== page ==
CLEVELAND -- Late in Sunday’s 31-17 loss to the Cincinnati Bengals, Cleveland Browns head coach Hue Jackson removed his headset, handed it to assistant head coach Pep Hamilton and spoke passionately to the defense.
And much was made about Jackson taking off the headset and handing it to Hamilton, but to the Browns’ first-year coach, the focus should be on getting back to work ahead of this coming week’s game against the New York Jets at FirstEnergy Stadium.
“Everybody is worried about my headset. What is the question with the headset?” Jackson said. “I can call a play. There is not a play that will go to our quarterback without me knowing. I know exactly what is being said to the quarterback. I know exactly what is being said to the middle linebacker. I know exactly what is being said to the special-teams coach.”
While the decision to take off the headset caused national media members to say that he quit on the Browns during their latest loss, which dropped them to 0-7 and kept them as the lone remaining winless team in the NFL, Jackson contends he did not give up on his players.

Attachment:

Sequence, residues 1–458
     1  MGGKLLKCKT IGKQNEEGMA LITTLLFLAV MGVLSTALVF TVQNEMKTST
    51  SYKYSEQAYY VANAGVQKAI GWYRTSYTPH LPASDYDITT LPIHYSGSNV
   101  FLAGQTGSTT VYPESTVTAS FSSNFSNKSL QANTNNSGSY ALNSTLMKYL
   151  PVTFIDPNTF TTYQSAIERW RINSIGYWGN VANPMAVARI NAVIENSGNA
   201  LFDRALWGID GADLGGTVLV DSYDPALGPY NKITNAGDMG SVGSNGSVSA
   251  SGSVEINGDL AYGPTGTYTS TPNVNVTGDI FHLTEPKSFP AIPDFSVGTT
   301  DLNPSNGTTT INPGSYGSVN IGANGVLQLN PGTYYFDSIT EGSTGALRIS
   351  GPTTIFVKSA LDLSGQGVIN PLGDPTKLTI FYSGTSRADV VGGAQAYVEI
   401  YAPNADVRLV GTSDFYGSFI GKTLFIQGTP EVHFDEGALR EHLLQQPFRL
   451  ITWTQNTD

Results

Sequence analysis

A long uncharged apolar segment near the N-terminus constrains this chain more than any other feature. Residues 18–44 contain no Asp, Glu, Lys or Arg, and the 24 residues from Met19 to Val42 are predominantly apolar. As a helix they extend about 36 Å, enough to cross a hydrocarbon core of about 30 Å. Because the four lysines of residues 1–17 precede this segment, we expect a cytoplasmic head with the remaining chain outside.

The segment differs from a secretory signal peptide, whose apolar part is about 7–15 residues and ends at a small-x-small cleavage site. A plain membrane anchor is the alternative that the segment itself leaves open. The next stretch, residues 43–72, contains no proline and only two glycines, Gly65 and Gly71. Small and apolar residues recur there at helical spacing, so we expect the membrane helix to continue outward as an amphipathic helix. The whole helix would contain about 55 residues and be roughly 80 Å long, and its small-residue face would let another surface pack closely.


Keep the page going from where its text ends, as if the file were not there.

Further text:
“It is not about the headset,” Jackson said. “I know you guys think if you are going to be involved in football, you have to have that on all the time. I could call the game with the headset off and just talk to the quarterback. It is not about the headset, okay? Plus, I was hot. It was a hot day, and I was getting a little sunburned. I took it off for a minute to relax. Just take the sun off my ears, I guess, whatever explanation you guys want.
“It is not about the headset. Please. It is not at all. My disappointment of taking it off wasn’t… I hope it is not tied just to the headset, where everybody thinks, ‘Okay, well, he lost it just because he took the headset off.’ No. I was watching our team, but I’m still coaching our team. I’m involved in each and everything that we’re doing offensively, defensively and special teams.”
Although the Browns had 21- and 28-yard runs and seven pass catchers each have at least a 10-yard reception, they could not match the Bengals, who rushed for 271 yards, one of the top 10 running performances in franchise history, and totaled 559 against Cleveland’s defense.
Of those 271 rushing yards, Jeremy Hill was responsible for 168 of them.
“To a man, I think the guys got the message and went out there and did that,” Jackson said. “I am not concerned. That is what it is going to be. Hopefully, it is a one-time occurrence because we have a bunch of prideful men in that locker room that are going to come back to work and are going to do their jobs better than what they have done it. We are going to coach them better and put them in better positions and give ourselves a chance to make more plays.”